Clinical Q&A: The Halo Matrix System

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Clinical Q&A: The Halo Matrix System

The Halo sectional matrix system is the reliable, superior matrix system you need for consistently better results.

A quality matrix system is necessary for a large percentage of restorative cases, yet many fail to deliver elements clinicians need for the quality of work they want to provide. In creating the Halo matrix system, developers identified areas where many of these systems are lacking and rectified them in ways dentists appreciate—with rings lasting more than 1000 uses, the Halo matrix system is a high-quality, long-lasting system for high-quality, long-lasting restorations. 

In this interview, Dr Brett Richins speaks about some of the features he encountered. 

How do you feel about the separation that is achieved using the Halo system? What benefits do you get from this?

When using the Halo system, one of the biggest advantages is the fact that you get separation of the teeth from the ring design and from the wedge. The Halo wedge is firm enough to offer active wedging and separation while still being kind to the soft tissue. The ring is designed to fit precisely and apply enough force to separate the teeth. These two components work together to provide consistently tight contacts. 

How do the bands help you achieve ideal restorations?

The bands are designed to mimic the natural anatomy of teeth. This helps achieve consistent contacts and anatomically accurate embrasure spaces. The anatomy in the bands is so ideal that I avoid burnishing when possible to allow the band to aid in achieving ideal anatomy.  

What benefits do you get from the anatomically accurate design of the ring and band curvature? 

The bands are designed to have anatomically correct contours, once the Halo ring is placed, they work together to create anatomically accurate restorations. I find this reduces the amount of finishing required by 50% or more. My restorations have never looked so good immediately after removal of the band.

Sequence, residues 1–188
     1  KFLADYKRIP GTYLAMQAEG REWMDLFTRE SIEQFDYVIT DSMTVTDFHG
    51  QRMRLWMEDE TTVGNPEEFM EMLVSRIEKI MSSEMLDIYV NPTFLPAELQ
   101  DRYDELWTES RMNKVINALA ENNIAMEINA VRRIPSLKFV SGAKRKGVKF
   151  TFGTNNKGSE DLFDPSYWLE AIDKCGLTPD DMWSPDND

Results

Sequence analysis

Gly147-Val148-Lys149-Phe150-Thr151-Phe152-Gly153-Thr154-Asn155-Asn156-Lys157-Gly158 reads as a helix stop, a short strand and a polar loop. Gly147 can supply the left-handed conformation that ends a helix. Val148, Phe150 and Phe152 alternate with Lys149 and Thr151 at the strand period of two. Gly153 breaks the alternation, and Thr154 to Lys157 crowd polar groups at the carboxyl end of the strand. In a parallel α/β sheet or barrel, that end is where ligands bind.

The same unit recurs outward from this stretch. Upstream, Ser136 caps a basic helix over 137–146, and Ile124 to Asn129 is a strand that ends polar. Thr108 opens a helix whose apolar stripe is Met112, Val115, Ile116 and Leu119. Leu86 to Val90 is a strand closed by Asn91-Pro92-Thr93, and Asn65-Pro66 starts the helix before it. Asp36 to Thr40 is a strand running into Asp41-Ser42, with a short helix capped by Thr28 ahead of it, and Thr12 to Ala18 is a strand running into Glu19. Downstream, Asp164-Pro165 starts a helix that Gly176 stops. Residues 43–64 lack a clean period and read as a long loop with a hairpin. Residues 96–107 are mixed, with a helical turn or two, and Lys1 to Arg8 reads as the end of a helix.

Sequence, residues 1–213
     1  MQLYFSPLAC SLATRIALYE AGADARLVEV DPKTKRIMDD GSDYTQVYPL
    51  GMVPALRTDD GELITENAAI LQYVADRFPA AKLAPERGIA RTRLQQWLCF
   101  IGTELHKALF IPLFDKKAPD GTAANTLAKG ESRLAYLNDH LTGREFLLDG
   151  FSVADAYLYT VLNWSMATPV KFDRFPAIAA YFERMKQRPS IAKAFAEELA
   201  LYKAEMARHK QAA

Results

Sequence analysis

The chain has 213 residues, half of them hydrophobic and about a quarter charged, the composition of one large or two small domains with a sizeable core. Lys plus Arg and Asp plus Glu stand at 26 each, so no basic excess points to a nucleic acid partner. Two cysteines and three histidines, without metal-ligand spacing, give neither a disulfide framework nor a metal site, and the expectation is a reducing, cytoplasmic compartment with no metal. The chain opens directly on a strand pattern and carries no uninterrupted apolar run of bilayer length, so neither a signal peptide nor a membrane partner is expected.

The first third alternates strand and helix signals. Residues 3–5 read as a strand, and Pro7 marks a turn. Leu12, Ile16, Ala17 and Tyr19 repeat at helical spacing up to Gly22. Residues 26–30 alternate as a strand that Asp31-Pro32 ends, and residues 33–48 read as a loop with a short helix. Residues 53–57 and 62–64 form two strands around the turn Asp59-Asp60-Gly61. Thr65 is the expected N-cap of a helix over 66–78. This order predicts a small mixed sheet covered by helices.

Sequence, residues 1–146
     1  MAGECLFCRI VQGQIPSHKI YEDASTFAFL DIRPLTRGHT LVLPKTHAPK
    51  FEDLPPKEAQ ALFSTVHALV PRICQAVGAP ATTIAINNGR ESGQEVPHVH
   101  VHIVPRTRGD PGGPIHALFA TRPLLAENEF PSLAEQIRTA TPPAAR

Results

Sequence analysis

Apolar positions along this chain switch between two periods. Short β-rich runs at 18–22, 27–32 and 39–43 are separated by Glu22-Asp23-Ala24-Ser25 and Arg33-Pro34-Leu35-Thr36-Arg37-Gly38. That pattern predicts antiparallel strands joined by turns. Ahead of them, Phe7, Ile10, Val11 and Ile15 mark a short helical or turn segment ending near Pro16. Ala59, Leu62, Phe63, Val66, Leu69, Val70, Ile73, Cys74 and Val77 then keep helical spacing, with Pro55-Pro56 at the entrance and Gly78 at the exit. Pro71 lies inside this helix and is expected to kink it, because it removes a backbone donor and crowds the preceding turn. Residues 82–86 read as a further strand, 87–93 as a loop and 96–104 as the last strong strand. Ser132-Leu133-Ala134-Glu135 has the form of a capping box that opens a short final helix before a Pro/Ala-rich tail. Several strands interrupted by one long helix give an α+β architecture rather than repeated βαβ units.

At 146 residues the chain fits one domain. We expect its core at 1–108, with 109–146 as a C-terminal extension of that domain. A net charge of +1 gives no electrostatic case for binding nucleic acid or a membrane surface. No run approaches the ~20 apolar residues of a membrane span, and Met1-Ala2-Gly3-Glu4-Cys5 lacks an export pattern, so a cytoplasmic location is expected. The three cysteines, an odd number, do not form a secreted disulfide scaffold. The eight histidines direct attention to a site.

How do you find these wedges to be different than other wedges you have used?

As mentioned previously, the number one difference is the active wedging. This means that the wedges not only tightly adapt the matrix band but they also aid in separation of the teeth. The hollow center of the wedge makes them kind to the papilla and allows them to be stacked when necessary. 

What has your experience been with the Halo carousel?

The carousel is one of my favorite parts of the Halo system. It provides an efficient, compact, and sleek solution to storage. It takes up less space than other storage solutions I’ve used, but still has plenty of room for everything you need.  The best part is that I don’t stress about the bands and wedges spilling out if the carousel is tipped over or dropped.  It’s one of those things that you don’t realize you need it until you have it, then you don’t want to work without it. 

What are some of the benefits you’ve found to using a universal ring with such a variety of uses?

The universal ring has a precise anatomical fit that works for molars and premolars. The simplicity of having a universal ring takes the guess work out of which ring to use.

How does the longevity of the ring stack up to expectations? How many uses/sterilization cycles do you find yourself using a ring for?

The longevity of the Halo ring can be attributed to two factors: its ability to continue performing as intended for up to 1000 cycles and the fact that it is designed with smooth, easy-to-clean surfaces. Rings I have used in the past will build up bond and composite to the point where they are unusable long before they should have been.

Describe the benefits of a NiTi ring.

The NiTi ring provides consistent, reliable forces for separation as opposed to other materials that will apply adequate forces when first placed but lose their force within the first minute or two.

What are some different use-cases for the various band types (Original, Firm, Nonstick)?

The choice of band will depend both on clinician preference and the specific case. All three bands are ultra-thin and are made of the same material. The Original bands are fully annealed, dead-soft bands making them easy to adapt to the adjacent tooth and achieve consistently ideal contacts. The Firm and the Nonstick are both quarter-hard which makes them more firm. For me, the firmer bands are great for smaller preps or situations with tight interproximal spaces. The Nonstick bands are color-coded which makes them easily identifiable.  

Are the rings stackable?

Yes, both the design and the size of the ring allow them to be easily stacked.  

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